What does it mean for a service provider or merchant to be PCI Compliant?
There is a group of principles and requirements which organize the elements of the PCI DSS. To be PCI Compliant means to restrict your information handling procedures to the PCI DSS requirements, and to have an attestation of compliance.
These principles and requirements are found on the About the PCI Data Security Standard (PCI DSS) page on the PCI Security Standards Council website.
The PCI Security Standards Council, LLC has provided a PCI DSS New Self-Assessment Questionnaire (SAQ) Summary v1.2 to determine which SAQ is appropriate for your
What are the PCI Compliance responsibilities for merchants and companies located in a data center?
Build and Maintain a Secure Network
- Install and maintain a firewall configuration to protect cardholder data
- Do not use vendor-supplied defaults for system passwords and other security parameters
Protect Cardholder Data
- Protect stored cardholder data
- Encrypt transmission of cardholder data across open, public networks
Maintain a Vulnerability Management Program
- Use and regularly update anti-virus software of programs
- Develop and maintain secure systems and applications
Implement Strong Access Control Measures
- Restrict access to cardholder data by business need-to-know
- Assign a unique ID to each person with computer access
- Restrict physical access to cardholder data
Regularly Monitor and Test Networks
- Track and monitor all access to network resources and cardholder data
- Regularly test security systems and processes
Maintain an Information Security Policy
- Maintain a policy that addresses information security for employees and contractors
Additional PCI DSS Requirements for Shared Hosting Providers
- Shared hosting providers must protect cardholder data environment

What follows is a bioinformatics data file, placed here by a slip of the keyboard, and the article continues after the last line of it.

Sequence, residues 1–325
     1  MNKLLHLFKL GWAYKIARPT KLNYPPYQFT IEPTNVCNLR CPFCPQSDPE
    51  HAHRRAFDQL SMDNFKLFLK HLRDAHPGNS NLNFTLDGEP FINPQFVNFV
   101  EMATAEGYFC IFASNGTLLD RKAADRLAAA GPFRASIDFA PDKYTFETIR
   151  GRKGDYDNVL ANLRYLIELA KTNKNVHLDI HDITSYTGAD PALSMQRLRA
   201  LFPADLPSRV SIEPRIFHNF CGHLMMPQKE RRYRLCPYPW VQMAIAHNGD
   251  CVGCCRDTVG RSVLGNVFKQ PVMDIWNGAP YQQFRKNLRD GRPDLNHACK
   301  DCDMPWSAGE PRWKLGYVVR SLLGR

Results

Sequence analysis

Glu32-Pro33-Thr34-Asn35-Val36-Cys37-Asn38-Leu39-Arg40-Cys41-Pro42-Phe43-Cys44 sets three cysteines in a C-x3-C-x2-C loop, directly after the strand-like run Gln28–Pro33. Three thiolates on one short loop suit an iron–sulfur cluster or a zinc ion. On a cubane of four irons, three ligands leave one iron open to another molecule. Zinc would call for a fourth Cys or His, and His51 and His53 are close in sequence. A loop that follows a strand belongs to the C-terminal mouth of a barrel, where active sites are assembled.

What does it mean for a data center colocation provider to be PCI Compliant?
A data center provides the facility for companies and merchants to conduct their business. In that capacity, the data center provider has specific responsibilities that have to be PCI Compliant. A merchant or company that is located within a PCI Compliant data center is not then PCI Compliant, each merchant or company claiming PCI Compliance must have and be able to provide their own attestation of compliance.
Data centers are only required to fill out the portions of the SAQ self-assessment that apply, and to provide a “Not Applicable” or “Compensating Control Used” explanation in the Appendix of the SAQ.
In addition, as per the SAQ Validation Type 5, SAQ: v1.2 D:
“The questions for Requirements 9.1-9.4 only need to be answered for facilities with “sensitive areas” as defined here. “Sensitive areas” refers to any data center, server room or any area that houses systems that store, process, or transmit cardholder data. This excludes the area where only point of sale terminals are present, such as the cashier areas in a retail store.”
The following questions are the specific listed Requirements 9.1-9.4 for data centers:
9.1 Are appropriate facility entry controls in place to limit and monitor physical access to systems in the cardholder data environment?
9.1.1(a) Do video cameras or other access-control mechanisms monitor individual physical access to sensitive areas?
9.1.1(b) Is data collected from video cameras reviewed and correlated with other entries?
9.1.1(c) Is data from video cameras stored for at least three months, unless otherwise restricted by law?